Children'S Sunday School Lessons
Needing some quick and easy ideas for your children's sunday school class? Here are a few good thoughts.
While some churches have detailed curriculum for Sunday School classes, some churches do not. Regardless of whether you use curriculum, you can use some simple techniques to add enjoyment to Sunday School.
Rather than worry on a Saturday night about what to teach, take comfort that the Bible itself already provides ready-made Sunday School lessons. Many of the traditional stories are easy to tell and understand.
All you have to add are some props, enthusiasm and thought. The children’s imaginations will do the rest.
1. Play dress-up.
This technique works well with the popular story of David and Goliath found in 1 Samuel 17.
Have students put on robes over their regular clothes. Then, use some leather twine for a “slingshot.” Get a few rocks and let them play David. Then, use a broom handle and a catcher’s chest protector to dress up Goliath.
Ask the students to role-play the story. Use the text for your script. Ask the students to discuss their feelings and questions about the experience.
Dressing up as a Biblical soldier can be as elaborate as you choose. A pastor friend at a boys’ camp once used the pieces of armor discussed in Ephesians 6 to illustrate spiritual warfare.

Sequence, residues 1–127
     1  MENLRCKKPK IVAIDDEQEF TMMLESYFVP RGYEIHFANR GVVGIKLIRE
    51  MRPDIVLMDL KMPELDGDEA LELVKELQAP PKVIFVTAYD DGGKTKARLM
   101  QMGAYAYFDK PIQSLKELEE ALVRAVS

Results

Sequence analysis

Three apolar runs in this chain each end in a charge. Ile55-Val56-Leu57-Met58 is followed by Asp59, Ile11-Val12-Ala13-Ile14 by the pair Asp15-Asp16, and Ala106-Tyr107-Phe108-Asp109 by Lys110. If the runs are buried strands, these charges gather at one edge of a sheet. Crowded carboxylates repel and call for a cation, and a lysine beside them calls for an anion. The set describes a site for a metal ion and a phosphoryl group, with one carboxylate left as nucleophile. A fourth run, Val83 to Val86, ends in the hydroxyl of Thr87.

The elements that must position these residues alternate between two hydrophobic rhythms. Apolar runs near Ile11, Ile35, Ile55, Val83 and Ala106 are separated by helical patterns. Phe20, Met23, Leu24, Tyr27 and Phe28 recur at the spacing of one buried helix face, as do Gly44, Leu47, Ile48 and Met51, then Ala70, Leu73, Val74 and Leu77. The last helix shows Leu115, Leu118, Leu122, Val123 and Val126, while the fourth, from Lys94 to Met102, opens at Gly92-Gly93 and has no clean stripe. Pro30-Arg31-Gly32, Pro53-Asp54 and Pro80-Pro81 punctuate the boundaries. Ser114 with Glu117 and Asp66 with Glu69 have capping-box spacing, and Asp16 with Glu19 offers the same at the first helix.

2. Play Biblical “Jeopardy.”
This can be done with little preparation. You know the television show “Jeopardy” where the contestants have to provide the questions to the answers. As you look through your Bible, give answers and let the students come up with the questions. For instance, the students can ask, “Who is the mother of Jesus?” after you say, “Mary.” This builds biblical literacy without worrying about intricate doctrine.
3. Use the sermon notes.
I once attended a church where the pastor gave the Sunday School an outline of his message for the day. They would discuss the passage, and he would reinforce the ideas with his message. Of course, you need to cooperation of your pastor for this one. However, you could take notes of the pastor’s sermon on one Sunday and discuss it with your class on the next Sunday.
4. Utilize the calendar.
If it’s Christmastime, your class will expect a lesson about the birth of Jesus. If it’s the Fourth of July in the United States, you can discuss patriotism. No matter the holiday, children love to learn and discuss the significance.
5. The heart of the matter.
Children like for adults to tell stories, especially if those stories relate to those adults. Why not tell the children how you became a Christian, or why you do or don’t do certain things, or what you love about each of them.
Sunday School is not about having fancy ideas or expensive toys. It’s about sharing with people the truth of God in an informative, entertaining way. Just take some time to add some props, tell a story, or use what is at hand. God will bless a sincere effort.